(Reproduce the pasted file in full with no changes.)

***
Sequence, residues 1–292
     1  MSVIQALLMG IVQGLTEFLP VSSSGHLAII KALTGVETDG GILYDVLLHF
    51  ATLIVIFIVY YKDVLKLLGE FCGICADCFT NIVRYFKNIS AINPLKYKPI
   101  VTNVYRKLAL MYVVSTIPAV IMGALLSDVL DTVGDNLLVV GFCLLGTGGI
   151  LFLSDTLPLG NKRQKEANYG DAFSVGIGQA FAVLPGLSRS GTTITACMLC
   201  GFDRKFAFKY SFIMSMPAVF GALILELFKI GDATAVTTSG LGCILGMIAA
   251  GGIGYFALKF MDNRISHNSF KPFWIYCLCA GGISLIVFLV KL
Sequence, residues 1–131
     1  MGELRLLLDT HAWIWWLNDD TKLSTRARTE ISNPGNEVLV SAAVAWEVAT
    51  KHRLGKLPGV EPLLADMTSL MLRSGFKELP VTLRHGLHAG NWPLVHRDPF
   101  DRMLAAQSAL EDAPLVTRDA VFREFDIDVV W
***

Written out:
Sequence, residues 1–292
     1  MSVIQALLMG IVQGLTEFLP VSSSGHLAII KALTGVETDG GILYDVLLHF
    51  ATLIVIFIVY YKDVLKLLGE FCGICADCFT NIVRYFKNIS AINPLKYKPI
   101  VTNVYRKLAL MYVVSTIPAV IMGALLSDVL DTVGDNLLVV GFCLLGTGGI
   151  LFLSDTLPLG NKRQKEANYG DAFSVGIGQA FAVLPGLSRS GTTITACMLC
   201  GFDRKFAFKY SFIMSMPAVF GALILELFKI GDATAVTTSG LGCILGMIAA
   251  GGIGYFALKF MDNRISHNSF KPFWIYCLCA GGISLIVFLV KL
Sequence, residues 1–131
     1  MGELRLLLDT HAWIWWLNDD TKLSTRARTE ISNPGNEVLV SAAVAWEVAT
    51  KHRLGKLPGV EPLLADMTSL MLRSGFKELP VTLRHGLHAG NWPLVHRDPF
   101  DRMLAAQSAL EDAPLVTRDA VFREFDIDVV W